The aims of this study were to (1) characterize the clinical phenotype, (2) define the causative mutation, and (3) correlate the clinical phenotype with genotype in a large consanguineous Arab family with myotonia congenita. Twentyfour family members from three generations were interviewed and examined. Genomic DNA was extracted from peripheral blood samples for sequencing the exons of the CLCN1 gene. Twelve individuals with myotonia congenita transmitted the condition in an autosomal dominant manner with incomplete penetrance. A novel missense mutation [568GG>TC (G190S)] was found in a dose-dependent clinical phenotype. Although heterozygous individuals were asymptomatic or mildly affected, the homozygous individuals were severely affected. The mutation is a glycine-to-serine residue substitution in a well-conserved motif in helix D of the CLC-1 chloride channel in the skeletal muscle plasmalemma. A novel mutation, 568GG>TC (G190S) in the CLCN1 gene, is responsible for autosomal dominant myotonia congenita with a variable phenotypic spectrum. © 2009 Wiley Periodicals, Inc. Source


Huber C.,French Institute of Health and Medical Research | Faqeih E.A.,King Fahad Medical City | Bartholdi D.,University of Zurich | Bole-Feysot C.,Plateforme de Genomique | And 12 more authors.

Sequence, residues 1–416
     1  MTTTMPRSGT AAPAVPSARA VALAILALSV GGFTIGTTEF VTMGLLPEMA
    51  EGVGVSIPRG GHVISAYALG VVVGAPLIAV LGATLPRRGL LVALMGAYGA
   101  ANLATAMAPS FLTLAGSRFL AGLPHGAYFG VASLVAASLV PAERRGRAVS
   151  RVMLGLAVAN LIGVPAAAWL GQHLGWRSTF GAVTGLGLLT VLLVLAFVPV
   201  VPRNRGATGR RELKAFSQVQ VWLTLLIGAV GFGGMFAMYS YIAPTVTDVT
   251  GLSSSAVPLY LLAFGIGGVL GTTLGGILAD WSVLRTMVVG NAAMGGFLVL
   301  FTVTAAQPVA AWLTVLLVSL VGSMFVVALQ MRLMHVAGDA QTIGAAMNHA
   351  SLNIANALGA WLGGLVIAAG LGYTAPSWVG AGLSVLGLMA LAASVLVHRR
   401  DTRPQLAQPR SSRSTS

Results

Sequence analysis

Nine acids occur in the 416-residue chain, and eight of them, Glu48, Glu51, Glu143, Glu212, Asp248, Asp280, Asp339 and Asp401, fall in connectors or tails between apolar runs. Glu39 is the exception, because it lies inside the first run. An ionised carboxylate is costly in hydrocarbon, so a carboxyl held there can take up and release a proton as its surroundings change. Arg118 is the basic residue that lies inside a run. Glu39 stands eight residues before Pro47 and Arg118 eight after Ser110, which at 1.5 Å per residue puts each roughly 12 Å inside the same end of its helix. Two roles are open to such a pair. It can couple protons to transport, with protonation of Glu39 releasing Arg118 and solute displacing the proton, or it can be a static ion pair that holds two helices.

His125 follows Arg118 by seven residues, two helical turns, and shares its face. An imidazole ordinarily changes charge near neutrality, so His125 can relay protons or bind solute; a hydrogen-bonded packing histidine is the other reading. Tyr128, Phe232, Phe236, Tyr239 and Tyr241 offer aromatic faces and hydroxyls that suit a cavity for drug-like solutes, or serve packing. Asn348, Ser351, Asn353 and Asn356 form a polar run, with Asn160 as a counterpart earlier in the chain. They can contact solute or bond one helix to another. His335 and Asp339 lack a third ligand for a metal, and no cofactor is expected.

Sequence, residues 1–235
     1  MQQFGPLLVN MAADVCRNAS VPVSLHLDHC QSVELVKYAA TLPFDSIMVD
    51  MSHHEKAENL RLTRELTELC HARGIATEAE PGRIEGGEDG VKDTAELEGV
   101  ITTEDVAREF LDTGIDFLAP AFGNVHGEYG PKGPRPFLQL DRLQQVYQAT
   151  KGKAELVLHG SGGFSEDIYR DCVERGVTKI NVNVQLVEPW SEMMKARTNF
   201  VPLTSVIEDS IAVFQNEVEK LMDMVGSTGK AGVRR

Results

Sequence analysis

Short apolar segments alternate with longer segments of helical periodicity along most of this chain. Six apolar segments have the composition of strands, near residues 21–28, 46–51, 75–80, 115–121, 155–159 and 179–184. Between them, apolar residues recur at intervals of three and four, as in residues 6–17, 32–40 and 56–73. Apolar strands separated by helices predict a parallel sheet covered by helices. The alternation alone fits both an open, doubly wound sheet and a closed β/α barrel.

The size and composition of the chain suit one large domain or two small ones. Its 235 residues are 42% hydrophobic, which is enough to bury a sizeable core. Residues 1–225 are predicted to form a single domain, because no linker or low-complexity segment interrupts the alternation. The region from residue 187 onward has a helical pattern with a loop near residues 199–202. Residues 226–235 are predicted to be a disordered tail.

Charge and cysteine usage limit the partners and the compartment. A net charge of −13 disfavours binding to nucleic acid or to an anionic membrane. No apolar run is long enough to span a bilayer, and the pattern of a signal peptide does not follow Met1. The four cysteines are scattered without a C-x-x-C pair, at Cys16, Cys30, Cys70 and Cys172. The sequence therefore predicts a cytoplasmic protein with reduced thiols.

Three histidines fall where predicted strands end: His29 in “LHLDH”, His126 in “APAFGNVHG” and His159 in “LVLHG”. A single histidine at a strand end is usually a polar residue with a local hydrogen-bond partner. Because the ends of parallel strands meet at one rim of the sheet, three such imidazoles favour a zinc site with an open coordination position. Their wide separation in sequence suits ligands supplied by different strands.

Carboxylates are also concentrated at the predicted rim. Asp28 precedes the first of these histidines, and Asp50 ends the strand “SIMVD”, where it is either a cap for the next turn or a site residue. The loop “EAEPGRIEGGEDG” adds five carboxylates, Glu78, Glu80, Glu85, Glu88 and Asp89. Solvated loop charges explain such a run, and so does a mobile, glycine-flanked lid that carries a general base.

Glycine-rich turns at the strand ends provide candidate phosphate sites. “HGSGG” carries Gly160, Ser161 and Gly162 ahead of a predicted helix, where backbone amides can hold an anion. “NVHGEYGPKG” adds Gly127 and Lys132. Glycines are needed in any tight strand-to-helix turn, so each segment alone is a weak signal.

American Journal of Human Genetics | Year: 2013

Opsismodysplasia (OPS) is a severe autosomal-recessive chondrodysplasia characterized by pre- and postnatal micromelia with extremely short hands and feet. The main radiological features are severe platyspondyly, squared metacarpals, delayed skeletal ossification, and metaphyseal cupping. In order to identify mutations causing OPS, a total of 16 cases (7 terminated pregnancies and 9 postnatal cases) from 10 unrelated families were included in this study. We performed exome sequencing in three cases from three unrelated families and only one gene was found to harbor mutations in all three cases: inositol polyphosphate phosphatase-like 1 (INPPL1). Screening INPPL1 in the remaining cases identified a total of 12 distinct INPPL1 mutations in the 10 families, present at the homozygote state in 7 consanguinous families and at the compound heterozygote state in the 3 remaining families. Most mutations (6/12) resulted in premature stop codons, 2/12 were splice site, and 4/12 were missense mutations located in the catalytic domain, 5-phosphatase. INPPL1 belongs to the inositol-1,4,5-trisphosphate 5-phosphatase family, a family of signal-modulating enzymes that govern a plethora of cellular functions by regulating the levels of specific phosphoinositides. Our finding of INPPL1 mutations in OPS, a severe spondylodysplastic dysplasia with major growth plate disorganization, supports a key and specific role of this enzyme in endochondral ossification. © 2013 The American Society of Human Genetics. Source